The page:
OR: Black Gate #2

A review that originally appeared in The Fix #3:-


Generously illustrated with book covers, photographs and artwork by the likes of Hung Ving Mac, Allen Koszowski and Brian Hughes, with clear print throughout and easy on the eye layout, this newish magazine certainly looks impressive. Just for those who didn’t catch on when they saw the dragon on the full colour cover, Black Gate‘s banner headline declares ‘Adventures in Fantasy Literature’. Its content, of which there’s quite a lot, divides roughly between one third non-fiction and two thirds fiction.

The non-fiction covers all aspects of the genre except ‘television, movies and computer games’, which editor John O’Neill feels get enough coverage elsewhere. Too bad he didn’t feel the same way about RPGs, as I really could have done without 26 pages of reviews etc. After six pages of anorak nit-picking regarding the role of orcs in RPGs I was about ready to tip the whole fantasy genre down the toilet. Still, if you like that sort of thing then it’s there, and if you don’t then there’s plenty of other stuff.

Other stuff includes reviews of book, for adults and young readers, reviews of comics, an interview with Gene Wolfe that’s funny and quite revealing in a minimalistic kind of way (more Wolfe please, less orcs!) and an article by Richard Horton on ‘Building the Fantasy Canon: The Classic Anthologies of Genre Fantasy’, which should prove useful for those seeking to broaden their experience of the genre. There’s also a couple of cartoon strips, best described as painless.

On the fiction side of things there are ten stories showcasing a satisfying diversity of themes and styles, but with quality as a defining factor throughout, the exception to the rule being the ‘Black Gate Classic Reprint’, in this case Edmond Hamilton’s first published story ‘The Monster-God of Mamurth’, complete with side bars profiling the author’s career, which is a nice idea, though in this case the story’s dated badly, a by the numbers skit about a lost city in the desert and an invisible giant spider.

‘The Whoremaster of Pald’ by Harry James Connolly has the pimp Zed, who’s really quite a nice guy despite his choice of profession, dealing with magic attacks and judicial enemies, a cleverly plotted and entertaining slice of hokum. In a darker vein, Jeff Verona’s ‘Under the Bridge’ has gangbangers taught a short, sharp lesson by someone bigger and uglier than themselves, a familiar scenario but executed with gratifying vigour, while the wry and ironic ‘Goyles in the Hood’ by Leslie What sees two gargoyles set to guard a vampire’s lair and coming to terms with the modern world where, thanks to the likes of Disney and Hanna Barbera, they’re regarded as wholly risible. Steve Carper’s ‘Pity the Poor Dybbuk’ has a setting more novel than most, with Jewish immigrants in Shanghai at the time of WW2 dealing with maleficent spirits. Sort of an Isaac Bashevis Singer pastiche of Empire of the Sun. In the erotically charged ‘Heart of Jade’ by Amy Sterling Casil we learn the fate of the Mayans, while ‘What They Did To My Father’ by F Brett Cox with its painful depiction of childhood suffering shows the Ku Klux Klan in a different light.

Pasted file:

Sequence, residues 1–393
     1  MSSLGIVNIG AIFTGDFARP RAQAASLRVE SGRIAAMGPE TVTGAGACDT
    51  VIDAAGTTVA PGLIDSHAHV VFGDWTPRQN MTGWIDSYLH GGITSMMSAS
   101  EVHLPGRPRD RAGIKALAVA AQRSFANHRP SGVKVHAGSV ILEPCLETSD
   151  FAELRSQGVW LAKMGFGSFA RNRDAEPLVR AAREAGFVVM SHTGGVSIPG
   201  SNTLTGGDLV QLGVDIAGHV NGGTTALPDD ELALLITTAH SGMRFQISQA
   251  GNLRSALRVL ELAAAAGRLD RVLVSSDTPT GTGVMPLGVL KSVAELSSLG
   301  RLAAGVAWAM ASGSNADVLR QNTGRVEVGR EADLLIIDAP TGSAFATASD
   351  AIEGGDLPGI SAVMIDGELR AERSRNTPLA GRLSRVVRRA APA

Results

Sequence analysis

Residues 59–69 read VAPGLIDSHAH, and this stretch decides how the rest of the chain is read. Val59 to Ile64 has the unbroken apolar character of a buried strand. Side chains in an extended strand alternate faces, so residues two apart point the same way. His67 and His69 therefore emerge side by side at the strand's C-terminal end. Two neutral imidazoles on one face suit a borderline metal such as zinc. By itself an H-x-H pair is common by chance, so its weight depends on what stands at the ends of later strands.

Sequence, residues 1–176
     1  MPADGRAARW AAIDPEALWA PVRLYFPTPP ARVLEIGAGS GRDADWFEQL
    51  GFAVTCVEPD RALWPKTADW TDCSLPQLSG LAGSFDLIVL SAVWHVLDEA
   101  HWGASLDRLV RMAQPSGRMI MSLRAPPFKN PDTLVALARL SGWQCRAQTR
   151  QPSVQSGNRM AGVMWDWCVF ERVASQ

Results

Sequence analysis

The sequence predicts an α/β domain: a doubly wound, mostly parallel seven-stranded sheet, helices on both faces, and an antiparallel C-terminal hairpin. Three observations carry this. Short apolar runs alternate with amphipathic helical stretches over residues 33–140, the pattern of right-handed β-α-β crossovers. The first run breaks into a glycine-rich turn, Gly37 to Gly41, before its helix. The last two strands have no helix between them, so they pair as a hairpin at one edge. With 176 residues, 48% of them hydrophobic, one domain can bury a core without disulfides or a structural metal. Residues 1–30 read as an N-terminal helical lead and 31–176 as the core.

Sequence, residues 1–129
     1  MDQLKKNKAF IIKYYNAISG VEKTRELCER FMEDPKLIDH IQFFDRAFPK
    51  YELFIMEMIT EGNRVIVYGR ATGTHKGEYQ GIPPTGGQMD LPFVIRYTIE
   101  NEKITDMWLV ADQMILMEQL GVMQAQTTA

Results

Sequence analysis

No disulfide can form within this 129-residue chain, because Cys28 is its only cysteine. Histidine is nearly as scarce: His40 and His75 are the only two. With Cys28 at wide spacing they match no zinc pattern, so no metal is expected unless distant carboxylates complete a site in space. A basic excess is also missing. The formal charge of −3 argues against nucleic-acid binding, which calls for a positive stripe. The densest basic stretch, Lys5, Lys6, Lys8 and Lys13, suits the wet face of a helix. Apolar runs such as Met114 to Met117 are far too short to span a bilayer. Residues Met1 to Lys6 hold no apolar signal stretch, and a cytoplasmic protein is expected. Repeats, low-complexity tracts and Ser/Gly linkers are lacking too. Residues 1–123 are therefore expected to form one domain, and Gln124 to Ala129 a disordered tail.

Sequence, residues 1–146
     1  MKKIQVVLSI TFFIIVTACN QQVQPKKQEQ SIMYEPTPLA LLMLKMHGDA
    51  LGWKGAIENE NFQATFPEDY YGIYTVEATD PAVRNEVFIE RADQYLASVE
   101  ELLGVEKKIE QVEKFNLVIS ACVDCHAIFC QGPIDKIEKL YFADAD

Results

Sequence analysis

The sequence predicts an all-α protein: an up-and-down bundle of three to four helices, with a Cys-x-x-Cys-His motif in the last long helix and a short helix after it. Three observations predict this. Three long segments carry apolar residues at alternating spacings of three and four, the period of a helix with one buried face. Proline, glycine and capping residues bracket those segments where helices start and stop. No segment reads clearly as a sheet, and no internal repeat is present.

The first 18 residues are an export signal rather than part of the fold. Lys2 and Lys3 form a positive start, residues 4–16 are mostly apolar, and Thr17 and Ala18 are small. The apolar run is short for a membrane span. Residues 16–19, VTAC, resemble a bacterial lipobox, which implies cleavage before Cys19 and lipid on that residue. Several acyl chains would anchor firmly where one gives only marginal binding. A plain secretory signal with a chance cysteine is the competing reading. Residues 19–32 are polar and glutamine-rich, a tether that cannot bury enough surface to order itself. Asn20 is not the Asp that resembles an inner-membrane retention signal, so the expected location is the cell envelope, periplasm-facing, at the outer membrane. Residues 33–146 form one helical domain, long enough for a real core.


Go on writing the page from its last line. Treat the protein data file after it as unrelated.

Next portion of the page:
There’s nothing here that’s cutting edge fantasy, but apart from the Hamilton, which has a certain historic interest, all of the stories entertain, and some of them do a bit more than that. Black Gate provides a satisfying and varied bill of fare, one guaranteed to send the punters away with a smile on their faces and should certainly be commended to anyone who’s visited a high street bookshop recently and come away thinking the fantasy genre is all about never ending series chock full of ruddy orcs.

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